Board of Regents Celebrates Successful Year of Giving, Including Transformational $100 Million Gift

July 19, 2019
LHSON Academic Building

Baylor University's Louise Herrington School of Nursing Academic Building is adjacent to the LHSON's longtime campus in Dallas, Baylor University Medical Center and more than 150 professional nursing practice sites in Dallas-area communities. (Morty Ortega/Baylor University)

Regents welcomed seven new members at annual retreat; heard President’s Report on Illuminate, discussed legislative and higher education issues, and conducted annual training

Media Contact: Lori Fogleman, Baylor University Media and Public Relations, 254-710-6275
Follow us on Twitter: @BaylorUMedia

WACO, Texas (July 19, 2019) – During its regular July retreat and summer meeting, the Baylor University Board of Regents celebrated the largest annual fundraising year in the University’s 174-year history, as members of the Baylor Family made $243 million in gifts and pledges during the 2018-19 fiscal year.

This marks the eighth consecutive year the University has surpassed the $100 million benchmark in fundraising, with this year’s total including the largest current gift in Baylor history – an anonymous $100 million gift that supports growth of endowed chairs and professorships through an Academic Challenge and provides the lead gift for a new Baylor Basketball Pavilion.

To date, members of the Baylor Family have made gifts and pledges totaling more than $700 million towards the priorities of the University that are outlined in the $1.1 billion comprehensive Give Light campaign, which launched publicly in November 2018. The fundraising total also reflects an 18.7 percent increase over the previous year in the total number of donors. Of particular note, the total value of gifts and pledges made to Baylor’s endowment – an important component of institutional strength – increased by 13 percent over last year.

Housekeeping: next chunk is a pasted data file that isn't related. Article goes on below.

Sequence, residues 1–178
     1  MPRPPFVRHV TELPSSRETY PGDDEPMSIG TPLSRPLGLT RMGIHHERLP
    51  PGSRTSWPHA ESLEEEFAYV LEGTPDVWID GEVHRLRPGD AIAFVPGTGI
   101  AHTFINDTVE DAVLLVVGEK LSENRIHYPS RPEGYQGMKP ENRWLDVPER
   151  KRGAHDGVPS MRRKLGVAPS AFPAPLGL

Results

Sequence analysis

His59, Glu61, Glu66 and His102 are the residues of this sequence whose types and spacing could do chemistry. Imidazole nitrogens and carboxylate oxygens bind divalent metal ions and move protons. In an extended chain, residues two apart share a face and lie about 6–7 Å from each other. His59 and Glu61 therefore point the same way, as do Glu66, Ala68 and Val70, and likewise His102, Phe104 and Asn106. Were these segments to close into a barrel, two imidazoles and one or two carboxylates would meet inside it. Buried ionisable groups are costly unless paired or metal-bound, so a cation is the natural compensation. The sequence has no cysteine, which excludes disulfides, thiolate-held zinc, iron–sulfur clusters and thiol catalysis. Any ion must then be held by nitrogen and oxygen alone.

“We are profoundly grateful to the many members of the Baylor Family who have come alongside the University as part of Give Light. This is an important moment in Baylor’s history as we make strategic investments throughout our academic enterprise and across the campus, and everyone is serving an important role as we shape our future,” said President Linda A. Livingstone, Ph.D. “This remarkable financial support is directly advancing our strategic priorities under Illuminate, our strategic plan, and strengthening our faculty and students where there is greatest need and the most opportunities for significant impact. Every gift moves us forward in our progress toward growth as a preeminent Christian research university.”